There has been an outpouring of offers to help an Iraqi boy named Youssif, whose face had been burned by unidentified people just outside of his house in Baghdad. With such popular news network covering his story, thousands upon thousands pledged to help.

There exists a call that invites Hong Kong people to become philanthropists. Solicitations come in different forms: letters, stickers, online marketing campaigns and MTR banners. The choice of charity functions also has a wide variety: Oxfam and World Food Programme for food, UNICEF and Po Leung Kuk for children’s welfare, Tung Wah, Caritas and Community Chest for family well-being and Hong Kong Red Cross, MSF and Hong Kong AIDS Foundation for health-related concerns.

In recent weeks, thousands of Hong Kong households received individually addressed envelopes from a charity called the World Children’s Fund Hong Kong asking for donations to help poor children in China. The envelopes usually included a cover letter featuring a small girl (“Little Xiaoling is destined to a life of hopelessness.unless…”), a payment slip, a prepaid return envelope and a “complimentary” pair of chopsticks.

What’s particularly unusual about this particular charity is its claim to “double the value of my donation to Help the Chinese Children. If you give HK$350, the amount will be matched and doubled in value to equal HK$700.” Doubling your money is a strong claim, and no mention is made of how the charity performs this feat.

That is partly because it doesn’t have to. The Hong Kong government lacks the administrative structures and laws that would allow its public to make informed choices on charities. Doubtless there are many who have already given their money to this particular cause in good faith; but they do so with little way of knowing exactly where it ends up.

Certainly the sector is open to declining credibility and donor inflows. The Social Welfare Department lists 175 charitable non-governmental organizations which at the 2006 financial year end received HK$6.34 billion in funding. In a region and market where increasing wealth meets increasing inequality, philanthropy has major potential to become big business –a good thing for all those involved.

At present, charities are under no legal obligation to disclose their accounts either publicly or to the government, which has instead published a “Reference Guide on Best Practices” that charities are merely “encouraged” to follow. While this document outlines the legal and accounting standards to which one would expect charities be legally bound, there is no mechanism to discourage organizations from ignoring them. Charities are free to simply choose whether to obey the rules while being guaranteed tax exemptions.

This is because the social welfare department deems such regulations to be –citing a 2003 Public Consultation document – “unrealistic…[this would] incur substantial manpower.for government…[and] additional administrative costs and onerous bureaucratic requirements on fund-raisers.”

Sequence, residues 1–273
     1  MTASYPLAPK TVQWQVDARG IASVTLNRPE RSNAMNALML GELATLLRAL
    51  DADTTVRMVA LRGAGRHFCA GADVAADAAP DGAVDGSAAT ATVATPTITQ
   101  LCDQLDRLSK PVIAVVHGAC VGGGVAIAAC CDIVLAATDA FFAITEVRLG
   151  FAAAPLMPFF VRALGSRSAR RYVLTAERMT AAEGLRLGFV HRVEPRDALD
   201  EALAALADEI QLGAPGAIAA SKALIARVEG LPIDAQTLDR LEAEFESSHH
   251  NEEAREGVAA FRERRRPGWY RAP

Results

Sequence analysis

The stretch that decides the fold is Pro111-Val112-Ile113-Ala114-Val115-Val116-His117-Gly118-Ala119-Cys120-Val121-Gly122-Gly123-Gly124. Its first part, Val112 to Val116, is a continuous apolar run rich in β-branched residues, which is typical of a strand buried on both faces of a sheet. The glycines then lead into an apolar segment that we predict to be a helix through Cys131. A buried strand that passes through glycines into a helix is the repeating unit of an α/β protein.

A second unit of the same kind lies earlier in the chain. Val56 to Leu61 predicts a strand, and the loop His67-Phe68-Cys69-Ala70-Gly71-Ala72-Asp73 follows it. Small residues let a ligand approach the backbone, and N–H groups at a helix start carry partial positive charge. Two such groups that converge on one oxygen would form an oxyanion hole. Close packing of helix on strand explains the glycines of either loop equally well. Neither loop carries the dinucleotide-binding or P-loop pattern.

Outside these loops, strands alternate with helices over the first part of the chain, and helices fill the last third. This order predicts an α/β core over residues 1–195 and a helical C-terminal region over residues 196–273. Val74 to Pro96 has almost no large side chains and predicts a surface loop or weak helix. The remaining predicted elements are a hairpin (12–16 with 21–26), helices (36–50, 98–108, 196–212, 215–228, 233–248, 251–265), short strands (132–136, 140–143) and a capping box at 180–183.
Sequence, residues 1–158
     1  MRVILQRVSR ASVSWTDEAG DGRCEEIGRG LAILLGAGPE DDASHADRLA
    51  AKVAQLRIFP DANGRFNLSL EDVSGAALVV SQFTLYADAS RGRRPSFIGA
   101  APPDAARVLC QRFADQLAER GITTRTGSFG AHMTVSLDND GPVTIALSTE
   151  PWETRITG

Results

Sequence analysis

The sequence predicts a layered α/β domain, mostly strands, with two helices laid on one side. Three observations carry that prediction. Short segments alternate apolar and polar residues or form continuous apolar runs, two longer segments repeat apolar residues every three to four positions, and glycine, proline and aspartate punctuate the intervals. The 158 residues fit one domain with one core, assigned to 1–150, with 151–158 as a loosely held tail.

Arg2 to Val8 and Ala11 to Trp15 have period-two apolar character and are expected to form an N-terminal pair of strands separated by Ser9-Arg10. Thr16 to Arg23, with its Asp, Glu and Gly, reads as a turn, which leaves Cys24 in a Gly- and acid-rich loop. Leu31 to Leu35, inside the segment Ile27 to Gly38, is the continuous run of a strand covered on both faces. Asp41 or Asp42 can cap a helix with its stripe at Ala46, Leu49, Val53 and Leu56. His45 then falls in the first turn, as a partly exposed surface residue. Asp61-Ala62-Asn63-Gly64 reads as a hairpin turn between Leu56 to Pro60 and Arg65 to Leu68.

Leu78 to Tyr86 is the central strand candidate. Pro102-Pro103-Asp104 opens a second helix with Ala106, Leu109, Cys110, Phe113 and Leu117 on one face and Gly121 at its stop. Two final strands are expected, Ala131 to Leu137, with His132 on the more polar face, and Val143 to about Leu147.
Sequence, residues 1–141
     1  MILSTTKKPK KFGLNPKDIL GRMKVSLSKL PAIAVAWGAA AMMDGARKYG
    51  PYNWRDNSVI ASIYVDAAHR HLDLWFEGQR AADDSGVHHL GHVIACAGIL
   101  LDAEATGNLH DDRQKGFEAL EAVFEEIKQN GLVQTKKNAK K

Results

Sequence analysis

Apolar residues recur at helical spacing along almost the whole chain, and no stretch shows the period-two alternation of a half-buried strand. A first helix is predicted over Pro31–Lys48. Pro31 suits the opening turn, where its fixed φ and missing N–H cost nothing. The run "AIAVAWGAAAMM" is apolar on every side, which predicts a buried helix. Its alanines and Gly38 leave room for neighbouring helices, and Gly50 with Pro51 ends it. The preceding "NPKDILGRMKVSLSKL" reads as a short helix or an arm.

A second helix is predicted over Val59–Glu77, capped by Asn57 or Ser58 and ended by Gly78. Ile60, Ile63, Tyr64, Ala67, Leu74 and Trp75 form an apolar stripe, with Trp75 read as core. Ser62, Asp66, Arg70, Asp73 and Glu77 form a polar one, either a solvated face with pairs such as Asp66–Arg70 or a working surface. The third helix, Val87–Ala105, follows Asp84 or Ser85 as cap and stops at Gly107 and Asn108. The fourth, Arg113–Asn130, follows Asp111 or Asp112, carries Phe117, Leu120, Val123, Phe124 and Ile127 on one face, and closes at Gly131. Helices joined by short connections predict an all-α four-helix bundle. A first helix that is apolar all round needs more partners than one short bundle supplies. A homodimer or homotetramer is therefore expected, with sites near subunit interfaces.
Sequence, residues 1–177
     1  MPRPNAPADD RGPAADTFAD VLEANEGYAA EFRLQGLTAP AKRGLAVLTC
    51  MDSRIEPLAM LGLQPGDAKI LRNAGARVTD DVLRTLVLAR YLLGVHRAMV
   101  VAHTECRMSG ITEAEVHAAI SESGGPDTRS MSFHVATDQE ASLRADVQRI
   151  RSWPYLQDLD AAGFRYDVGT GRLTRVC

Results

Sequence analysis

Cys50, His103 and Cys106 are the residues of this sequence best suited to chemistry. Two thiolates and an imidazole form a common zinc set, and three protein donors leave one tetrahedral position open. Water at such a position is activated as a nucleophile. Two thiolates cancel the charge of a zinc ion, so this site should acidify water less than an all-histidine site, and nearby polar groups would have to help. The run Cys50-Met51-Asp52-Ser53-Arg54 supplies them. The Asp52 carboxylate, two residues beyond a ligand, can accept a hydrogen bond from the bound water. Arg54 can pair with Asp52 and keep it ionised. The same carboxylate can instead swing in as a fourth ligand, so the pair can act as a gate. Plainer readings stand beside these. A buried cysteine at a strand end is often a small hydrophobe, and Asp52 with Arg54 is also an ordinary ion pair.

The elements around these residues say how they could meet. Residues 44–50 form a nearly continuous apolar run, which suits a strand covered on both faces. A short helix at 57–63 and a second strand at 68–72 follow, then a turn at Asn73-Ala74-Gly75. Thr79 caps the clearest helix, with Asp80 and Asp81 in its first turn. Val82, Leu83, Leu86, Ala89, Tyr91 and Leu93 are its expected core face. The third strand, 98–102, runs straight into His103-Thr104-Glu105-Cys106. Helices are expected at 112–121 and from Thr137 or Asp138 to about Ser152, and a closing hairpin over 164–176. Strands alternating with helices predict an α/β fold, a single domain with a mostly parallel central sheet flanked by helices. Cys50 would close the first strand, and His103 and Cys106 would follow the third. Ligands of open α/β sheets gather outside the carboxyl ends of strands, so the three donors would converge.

Onerous perhaps, but such views miss the most salient point: that the hidden benefits of credibility arising from financial transparency and better administration are likely to far outweigh their visible costs.

The World Children’s Fund is one such example, as attempting to unravel their spending history and asset multiplication claims are nearly impossible. No publicly available financial records exist for the organization, either with the welfare department or Inland Revenue. The Community Chest has never heard of them.

Speaking to the charity’s office reveals only that their Hong Kong donations are “matched” by their branch in the US, although they could [or would] not explain the intricacies of this generosity. However, no charity under the World Children’s Fund name exists in America, according to Charity Navigator, America’s largest evaluation website. Although they could operate under a different name there, the Hong Kong office described this finding as “strange.” The only global WCF financial record Asia Sentinel could find online was from the UK Charity Commission, where their accounts for the last two years are overdue. The 2004 records indicated a small deficit.

The Hong Kong arm of the charity’s website is confusing, alternating unashamedly between a virtual shrine to its founder, Joseph Lam, and the sort of goal-driven rhetoric that would be in cozier context in a political election campaign.

World Children’s Fund Hong Kong could very well do a lot of good, and maybe a donor’s money really does double at some point. But there is no good way of knowing what this place does or how little Xiaoling benefits even after investing time talking with their office, reading their website, and checking with various government departments.

It is interesting to note that the Hong Kong government regulates quite tightly the activities of financial sector companies and individuals seeking funds from investors. But when it comes to the taxless flow of money from the rich to charities, it is all too inconvenient.

If people are going to give away the fruits of their toils, knowing how that money is spent is important. The less they know, the more open to fraud they will feel and the less they are likely to contribute to any but the best known charities.

It is likely that tightening the rules might make for looser wallets.